Here are a few images of Latrobe Gate from the inside looking out:
DeFrank, Thomas M. “Nation’s Fortresses Now Even Mightier.” New York Daily News, October 31, 2001.
Naval History and Heritage Command, “Latrobe Gate.” Accessed 12 MARCH 2015.
“Since I was a child and my mother first taught me to love women, I have pondered over their needs, capacities and aspirations. As I grew older I added to my musings some study and observation.” – Preface, What Women Want
It’s easy for us to overlook today’s modern conveniences, even when it comes to voicing our disapproval. The Internet offers a fast and open forum for anyone to chide and admonish anything they want. More often than not, our reliance on the “Yelp Effect” is both a blessing and a curse – a life and prosperity, death and destruction bargain we’ve set out against ourselves in biblical fashion. Forgive us, Lord, for we have sinned with syntax errors.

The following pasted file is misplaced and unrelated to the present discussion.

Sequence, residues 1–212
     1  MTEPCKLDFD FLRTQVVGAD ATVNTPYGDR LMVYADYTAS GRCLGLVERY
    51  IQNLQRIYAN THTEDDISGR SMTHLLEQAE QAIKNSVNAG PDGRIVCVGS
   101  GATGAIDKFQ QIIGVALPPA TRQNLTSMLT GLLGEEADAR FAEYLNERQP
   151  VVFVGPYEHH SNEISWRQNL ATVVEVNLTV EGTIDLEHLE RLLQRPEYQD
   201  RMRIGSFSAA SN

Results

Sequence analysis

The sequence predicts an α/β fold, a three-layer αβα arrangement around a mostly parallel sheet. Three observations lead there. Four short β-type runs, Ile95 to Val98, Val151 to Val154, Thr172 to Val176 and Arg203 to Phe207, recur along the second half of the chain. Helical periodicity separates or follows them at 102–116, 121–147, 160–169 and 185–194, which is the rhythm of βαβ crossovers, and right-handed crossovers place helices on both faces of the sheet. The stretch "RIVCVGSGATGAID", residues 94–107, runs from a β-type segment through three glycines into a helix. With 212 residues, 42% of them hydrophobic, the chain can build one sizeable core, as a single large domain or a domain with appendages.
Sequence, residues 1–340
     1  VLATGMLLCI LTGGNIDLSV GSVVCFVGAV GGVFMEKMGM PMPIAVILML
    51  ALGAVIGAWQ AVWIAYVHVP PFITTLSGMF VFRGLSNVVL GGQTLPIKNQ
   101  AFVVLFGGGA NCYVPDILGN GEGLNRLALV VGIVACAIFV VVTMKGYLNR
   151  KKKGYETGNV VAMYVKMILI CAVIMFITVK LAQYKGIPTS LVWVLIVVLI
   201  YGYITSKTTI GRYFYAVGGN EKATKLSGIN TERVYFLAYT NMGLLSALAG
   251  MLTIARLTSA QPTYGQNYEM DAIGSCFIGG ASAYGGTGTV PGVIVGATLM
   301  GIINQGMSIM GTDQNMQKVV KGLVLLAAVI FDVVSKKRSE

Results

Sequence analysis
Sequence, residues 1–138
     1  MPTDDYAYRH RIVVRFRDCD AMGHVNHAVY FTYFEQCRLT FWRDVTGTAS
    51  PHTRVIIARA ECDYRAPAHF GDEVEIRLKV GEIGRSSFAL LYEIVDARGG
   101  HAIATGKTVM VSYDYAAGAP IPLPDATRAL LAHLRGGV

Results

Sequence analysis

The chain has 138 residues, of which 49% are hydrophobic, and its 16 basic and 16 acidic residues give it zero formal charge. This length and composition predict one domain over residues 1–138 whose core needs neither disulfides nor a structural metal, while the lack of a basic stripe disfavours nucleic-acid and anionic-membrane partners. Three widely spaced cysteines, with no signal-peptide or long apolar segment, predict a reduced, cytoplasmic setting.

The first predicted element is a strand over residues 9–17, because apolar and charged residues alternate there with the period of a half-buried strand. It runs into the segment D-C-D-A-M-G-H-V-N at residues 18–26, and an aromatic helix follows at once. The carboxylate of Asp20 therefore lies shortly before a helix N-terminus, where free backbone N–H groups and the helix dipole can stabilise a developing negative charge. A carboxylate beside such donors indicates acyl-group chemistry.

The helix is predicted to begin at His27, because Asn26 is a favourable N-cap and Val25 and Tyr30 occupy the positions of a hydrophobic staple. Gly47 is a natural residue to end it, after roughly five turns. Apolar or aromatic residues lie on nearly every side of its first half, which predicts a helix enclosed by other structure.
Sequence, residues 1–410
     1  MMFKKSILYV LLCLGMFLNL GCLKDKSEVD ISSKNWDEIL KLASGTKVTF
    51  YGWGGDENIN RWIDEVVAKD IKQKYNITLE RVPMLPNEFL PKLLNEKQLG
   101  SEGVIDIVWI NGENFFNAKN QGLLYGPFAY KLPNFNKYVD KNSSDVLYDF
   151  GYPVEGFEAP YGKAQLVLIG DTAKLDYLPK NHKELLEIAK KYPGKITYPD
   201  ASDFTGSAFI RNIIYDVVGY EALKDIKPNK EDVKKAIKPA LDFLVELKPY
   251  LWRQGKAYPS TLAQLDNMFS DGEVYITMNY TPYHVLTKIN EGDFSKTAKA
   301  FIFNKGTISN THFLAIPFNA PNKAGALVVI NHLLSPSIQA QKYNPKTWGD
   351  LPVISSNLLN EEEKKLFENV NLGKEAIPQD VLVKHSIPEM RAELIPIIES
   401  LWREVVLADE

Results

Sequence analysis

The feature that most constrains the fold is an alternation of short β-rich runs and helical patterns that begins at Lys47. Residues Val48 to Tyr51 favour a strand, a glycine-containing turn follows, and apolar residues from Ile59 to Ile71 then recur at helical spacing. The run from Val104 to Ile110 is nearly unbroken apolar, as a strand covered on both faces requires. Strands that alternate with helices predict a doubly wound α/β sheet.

Eighty years ago, the only way you could voice your opinion to the wider world outside of your home or office was through the newspaper. No edit button or page refresh. No Internet. No television pundits. Deep down, it was just pure old-fashioned trash talk in black and white – perhaps the purest kind.
One such incident occurred in February 1928 over a ten-minute Washington area radio broadcast. The program from well-known Feminist and actress Beatrice Forbes-Robertson Hale stirred a series of heated letters published in the Washington Post between supporters and naysayers over a period of several weeks.
The short talk by Ms. Hale came less than a decade after Women’s Suffrage. A woman’s place in society was elevated throughout the 1920s, both in attitude and in practice. To some, the concept was relatively fresh and untested. For her, it was a matter of principle. Her most popular work, What Women Want: An Interpretation of the Feminist Movement (1914), is a well-written treatise on the state of women in America. In the fourteen years between the publication of What Women Want and the 1928 news broadcast, Ms. Hale became an outspoken supporter for feminism and the family.